Deloitte’s mission is to help clients and people excel.
Deloitte is a provider of professional services. The company operates four reportable business segments:
In 1845 William Welch Deloitte started an accounting business in London. In 1896 Charles Waldo Haskins and Elijah Watt Sells founded Haskins & Sells in New York, the first major auditing firm to be launched by American accountants. In 1898, George Touche started his own accounting firm in London, then partnered with John Ballantine Niven in 1900 to form Touche Niven.
Deloitte experienced significant growth, and over time launched operations in the U.S. In 1952 it merged its U.S. division with Haskins & Sells to form Deloitte, Haskins & Sells. Touche Niven also had success, and after a series of mergers had become Touche Ross in 1969. By the 1970s Touche Ross was the third biggest accountancy in the UK, with over 74 offices and 450 partners.
The 1980s saw much turmoil in the industry, with economic disasters such as the savings and loan scandal contributing to increased scrutiny and threats to revenues. Taking this into account, Deloitte, Haskins & Sells considered merging with Touche Ross in order to strengthen both their businesses. This was viewed oddly, as Touche was known as a maverick, while Deloitte was viewed as stuffy.
Despite their contrasting styles, the two agreed to integrate, completing the deal in 1989 to form Deloitte Touche Tohmatsu Ltd. (DTTL). They both brought Fortune 500 clients to the table – Deloitte had P&G and GM, while Touche had Macy’s and Chrysler. Deloitte largely took control, with its chief J. Michael Cook taking over as CEO of the new entity. It is now one of the top accounting firms.
Business model of Deloitte
Deloitte has a mass market business model, with no significant differentiation between customer segments. The company targets its offerings at firms that seek consulting and advisory services.
Deloitte offers three primary value propositions: accessibility, innovation, and brand/status.
The company creates accessibility by offering a wide variety of options. A significant element of its strategy is growth through acquisition. This has enabled it to add many capabilities to its portfolio.
The company places a strong emphasis on innovation. It operates Deloitte Innovation Centers, a collection of programs designed to generate creative solutions in various industries. The specific centers are as follows:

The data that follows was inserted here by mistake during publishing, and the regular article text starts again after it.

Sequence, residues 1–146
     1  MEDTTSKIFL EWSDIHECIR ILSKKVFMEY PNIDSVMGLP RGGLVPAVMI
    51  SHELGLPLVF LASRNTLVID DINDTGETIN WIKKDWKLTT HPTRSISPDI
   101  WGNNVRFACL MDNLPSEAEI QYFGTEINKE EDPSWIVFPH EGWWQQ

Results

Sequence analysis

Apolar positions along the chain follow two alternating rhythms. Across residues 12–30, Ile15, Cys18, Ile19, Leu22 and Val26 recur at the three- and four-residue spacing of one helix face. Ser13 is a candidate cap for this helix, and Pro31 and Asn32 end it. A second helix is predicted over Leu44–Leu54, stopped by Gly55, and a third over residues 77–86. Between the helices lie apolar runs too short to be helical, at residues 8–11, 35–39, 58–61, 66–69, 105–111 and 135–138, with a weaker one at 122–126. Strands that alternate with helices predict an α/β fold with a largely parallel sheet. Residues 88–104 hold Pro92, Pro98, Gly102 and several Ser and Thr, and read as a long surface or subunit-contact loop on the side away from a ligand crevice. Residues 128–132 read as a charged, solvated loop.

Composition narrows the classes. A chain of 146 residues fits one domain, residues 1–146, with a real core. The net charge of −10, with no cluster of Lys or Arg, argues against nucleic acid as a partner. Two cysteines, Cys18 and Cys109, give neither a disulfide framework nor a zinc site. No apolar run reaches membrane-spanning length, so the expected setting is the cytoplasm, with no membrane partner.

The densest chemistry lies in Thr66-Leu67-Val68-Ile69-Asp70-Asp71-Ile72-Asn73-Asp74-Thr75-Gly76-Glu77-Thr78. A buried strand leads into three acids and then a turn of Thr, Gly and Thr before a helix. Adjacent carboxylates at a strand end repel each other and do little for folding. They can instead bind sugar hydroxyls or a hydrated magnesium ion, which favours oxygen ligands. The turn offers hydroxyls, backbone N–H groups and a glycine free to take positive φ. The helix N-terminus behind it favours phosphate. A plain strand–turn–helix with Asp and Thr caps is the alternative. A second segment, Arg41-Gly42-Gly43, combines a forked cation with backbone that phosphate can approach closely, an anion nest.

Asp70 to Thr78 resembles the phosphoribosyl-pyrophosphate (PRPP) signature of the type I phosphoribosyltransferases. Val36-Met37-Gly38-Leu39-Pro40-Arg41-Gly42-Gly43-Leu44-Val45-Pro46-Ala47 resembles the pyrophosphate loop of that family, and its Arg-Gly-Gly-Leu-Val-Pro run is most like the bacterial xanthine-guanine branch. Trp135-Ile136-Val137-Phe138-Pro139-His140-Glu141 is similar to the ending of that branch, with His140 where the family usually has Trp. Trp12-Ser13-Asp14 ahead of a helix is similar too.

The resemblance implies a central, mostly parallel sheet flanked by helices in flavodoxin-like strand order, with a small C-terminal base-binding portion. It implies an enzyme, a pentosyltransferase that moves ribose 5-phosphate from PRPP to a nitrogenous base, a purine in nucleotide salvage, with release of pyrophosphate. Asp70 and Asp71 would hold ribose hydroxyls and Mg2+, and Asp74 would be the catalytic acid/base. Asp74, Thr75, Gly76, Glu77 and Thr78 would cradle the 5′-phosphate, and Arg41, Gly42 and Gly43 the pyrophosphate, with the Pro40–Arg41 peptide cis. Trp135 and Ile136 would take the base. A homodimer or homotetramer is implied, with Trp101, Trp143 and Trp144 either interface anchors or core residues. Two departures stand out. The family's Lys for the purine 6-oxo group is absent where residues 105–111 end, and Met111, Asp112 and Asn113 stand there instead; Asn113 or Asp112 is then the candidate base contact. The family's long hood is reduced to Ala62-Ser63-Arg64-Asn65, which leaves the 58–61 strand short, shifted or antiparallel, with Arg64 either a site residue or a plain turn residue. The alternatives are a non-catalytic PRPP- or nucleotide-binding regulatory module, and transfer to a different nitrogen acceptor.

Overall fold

- Deloitte U.S. Center for the Edge
- Deloitte Center for Energy Solutions
- Deloitte Center for Financial Services
- Deloitte Center for Health Solutions
- Deloitte Center for Regulatory Strategies
The company has established a strong brand as a result of its success. It has the second-largest professional services network globally in terms of revenues and is one of the “Big Four” accounting firms, along with EY, PwC, and KPMG.
It has over 225,400 employees serving over 150 countries and territories, works across 20 industries, and generated $35.2 billion in revenues in 2015. Its clients include 80% of the Fortune 500.
Lastly, it has won many honors, including recognition as one of the “100 Best Companies to Work For” by Fortune (2016) and as a market share leader by Gartner.
Deloitte’s main channel are the customer relationships of its partners. The company promotes its offerings through its social media pages, seminars, workshops, briefing series, webcasts, Deloitte Life magazine, sponsorships of sports teams and events such as the Olympics, and participation in forums and conferences.
Deloitte’s customer relationship is primarily of a dedicated personal assistance nature. Customers receive one-on-one guidance from its employees. That said, there is also a self-service component.
The company’s website has a section called “Detroit University Press” that includes self-help resources such as articles, reports, periodicals, infographics, and case studies.
Deloitte’s business model entails designing and developing problem-solving services for clients.
Deloitte maintains business alliances with over 45 leading firms through which it jointly develops solutions and services to benefit mutual clients. Specific partners include AT&T, BMC, Cisco, Dell, EMC, Guidewire, Hewlett-Packard Enterprise, IBM, Informatica, Kira, NetSuite, and Salesforce.
The company also operates the Innovation Partnership Program (IPP) in collaboration with Singularity University and the XPRIZE Foundation. Through this initiative it gathers Fortune 500 senior executives to learn from the brightest minds of Silicon Valley (entrepreneurs, technologists, innovators, and business strategists) and encourage them to come up with disruptive solutions. The program is membership-based and invite-only. Specific partners include Wells Fargo, Tata Communications, Dentsu, Genentech, Dow, Barclays, Google, Caterpillar, and Coca-Cola.
Deloitte’s main resources are its human resources, who include consultants, accounting professionals, and other professional services personnel with deep industry expertise.
Deloitte has a value-driven structure, aiming to provide a premium proposition through significant personal service. Its biggest cost driver is likely cost of services, a variable expense. Other major drivers are in the areas of sales/marketing and research/development, both fixed expenses.
Deloitte has one revenue stream, the fees charged to its clients for its selection of services. These fees vary by individual project and type of client.